Quantcast

Blue cheese

HomeBrewTalk.com - Beer, Wine, Mead, & Cider Brewing Discussion Community.

Help Support Homebrew Talk:

Wing Nut

Well-Known Member
Joined
Mar 11, 2008
Messages
114
Reaction score
1
Location
Cold Lake, AB
Ok, The girlfreind loves her blue cheese. Real blue cheese you know the kind that almost wimpers when you cut into it. Problem is it is very hard to come by and very very expensive. I had a thought last night, the mold is just a simple bacteria that is living in the cheese. If I where to take a wheel of regular goat cheese and making a few holes in it then placing some of the bluer bits of a commercial blue cheese in these holes. Then I would place it in the cellar in a fairly humid box (tupperwear with a wetted sponge) until it starts to grow. What do you guys think? Would this work?

Wing nut
 

Vatechtigger

Member
Joined
Apr 28, 2008
Messages
23
Reaction score
1
Location
NYC
Ok, the mold is just a simple bacteria
its a fungus. :)

I think it would work, same as how you would inoculate a cheese shortly after pressing. might not be as well incorporated as if you aged together though but my experience is limited.
 

zoebisch01

Well-Known Member
Joined
Nov 15, 2006
Messages
5,180
Reaction score
11
Location
Central PA
They take inoculated tines and thrust them into the unaged cheese, at least that is how it is done now. Your idea would probably work to some degree, but you most likely are not going to get a consistent product. What you can do, is if you use a recipe for a regular type of cheese, inoculate with store bought Blue. However, in my experience with doing this, I'd have to take the stance of just buying the culture and doing it all from scratch. You can do this without a press, the curds go into molds and held at the proper humidity and temperature. You are on the right track with the tupperware...but you have to be careful that you don't introduce other undesirable molds.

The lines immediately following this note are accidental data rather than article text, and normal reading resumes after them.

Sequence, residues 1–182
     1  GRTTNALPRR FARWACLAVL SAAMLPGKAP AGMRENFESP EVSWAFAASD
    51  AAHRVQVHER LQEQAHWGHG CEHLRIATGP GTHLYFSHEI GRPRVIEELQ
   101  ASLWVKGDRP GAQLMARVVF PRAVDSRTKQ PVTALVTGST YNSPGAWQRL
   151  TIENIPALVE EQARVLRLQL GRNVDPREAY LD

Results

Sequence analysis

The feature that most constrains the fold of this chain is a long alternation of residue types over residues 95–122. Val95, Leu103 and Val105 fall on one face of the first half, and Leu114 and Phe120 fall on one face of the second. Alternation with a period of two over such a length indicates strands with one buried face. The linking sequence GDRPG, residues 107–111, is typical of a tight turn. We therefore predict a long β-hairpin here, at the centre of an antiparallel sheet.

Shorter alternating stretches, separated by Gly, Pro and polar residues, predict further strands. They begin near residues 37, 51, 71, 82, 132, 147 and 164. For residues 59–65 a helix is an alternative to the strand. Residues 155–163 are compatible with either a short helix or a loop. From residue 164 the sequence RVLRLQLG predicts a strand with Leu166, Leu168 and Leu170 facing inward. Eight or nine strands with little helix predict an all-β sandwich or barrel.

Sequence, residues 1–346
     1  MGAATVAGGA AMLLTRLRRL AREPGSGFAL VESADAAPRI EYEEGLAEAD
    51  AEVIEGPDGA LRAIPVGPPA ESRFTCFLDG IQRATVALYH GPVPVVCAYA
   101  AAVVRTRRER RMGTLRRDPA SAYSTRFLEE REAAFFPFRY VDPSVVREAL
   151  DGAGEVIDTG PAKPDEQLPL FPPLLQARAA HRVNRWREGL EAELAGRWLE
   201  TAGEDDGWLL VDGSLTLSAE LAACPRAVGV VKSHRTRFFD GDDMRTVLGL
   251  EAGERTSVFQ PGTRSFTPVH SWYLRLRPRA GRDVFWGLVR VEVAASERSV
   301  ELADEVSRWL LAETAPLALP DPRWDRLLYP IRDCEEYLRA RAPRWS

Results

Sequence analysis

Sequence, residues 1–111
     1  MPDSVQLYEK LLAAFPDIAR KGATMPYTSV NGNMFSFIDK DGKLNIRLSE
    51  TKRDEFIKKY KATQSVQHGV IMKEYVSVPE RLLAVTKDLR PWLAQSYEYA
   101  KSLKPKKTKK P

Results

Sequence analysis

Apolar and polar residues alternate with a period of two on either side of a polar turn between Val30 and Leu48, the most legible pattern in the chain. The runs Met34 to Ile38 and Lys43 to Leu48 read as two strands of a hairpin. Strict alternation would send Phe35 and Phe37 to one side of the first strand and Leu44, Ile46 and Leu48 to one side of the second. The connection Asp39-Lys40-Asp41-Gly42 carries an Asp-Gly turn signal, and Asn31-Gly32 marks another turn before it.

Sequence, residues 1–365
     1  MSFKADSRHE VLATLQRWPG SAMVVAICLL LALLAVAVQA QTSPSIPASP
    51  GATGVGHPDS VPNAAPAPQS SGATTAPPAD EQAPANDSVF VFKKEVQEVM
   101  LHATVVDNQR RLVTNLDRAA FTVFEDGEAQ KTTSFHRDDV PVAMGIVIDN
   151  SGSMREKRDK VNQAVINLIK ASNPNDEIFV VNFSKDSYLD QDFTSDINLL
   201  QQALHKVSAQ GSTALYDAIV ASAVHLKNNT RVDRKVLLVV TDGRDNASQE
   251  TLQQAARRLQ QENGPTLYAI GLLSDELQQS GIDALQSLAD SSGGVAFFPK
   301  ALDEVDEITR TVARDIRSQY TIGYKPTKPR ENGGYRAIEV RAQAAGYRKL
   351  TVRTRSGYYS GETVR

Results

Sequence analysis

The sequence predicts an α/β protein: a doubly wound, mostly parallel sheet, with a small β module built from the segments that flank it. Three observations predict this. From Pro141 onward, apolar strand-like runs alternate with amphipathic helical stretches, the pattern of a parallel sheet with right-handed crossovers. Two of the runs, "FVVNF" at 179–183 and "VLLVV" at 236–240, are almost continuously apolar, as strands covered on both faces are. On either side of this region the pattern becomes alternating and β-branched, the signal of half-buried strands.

brewmonger

Well-Known Member
Joined
Jul 14, 2008
Messages
169
Reaction score
6
They take inoculated tines and thrust them into the unaged cheese, at least that is how it is done now.
Common myth. The tines are not for innocculating the cheese. They are for opening up air channels because the penecillium mold needs air to grow.

Normally the milk is innocculated with the blue mold spores when the starter culture is added.
 

zoebisch01

Well-Known Member
Joined
Nov 15, 2006
Messages
5,180
Reaction score
11
Location
Central PA
Common myth. The tines are not for innocculating the cheese. They are for opening up air channels because the penecillium mold needs air to grow.

Normally the milk is innocculated with the blue mold spores when the starter culture is added.
It is true that aeration is the main reason, however, some makers will use inoculated tines so it is not a myth. My Uncle used to work for a maker in NJ and that was the method, the tines would be used to both aerate and inoculate.

To be more accurate, my previous post should say that this is the way it is done in some of the modern facilities. Some makers don't even use tines. But if tines are used, they are either only for aeration, or for both aeration and inoculation.
 

OregonNative

Well-Known Member
Joined
Mar 6, 2008
Messages
163
Reaction score
3
Location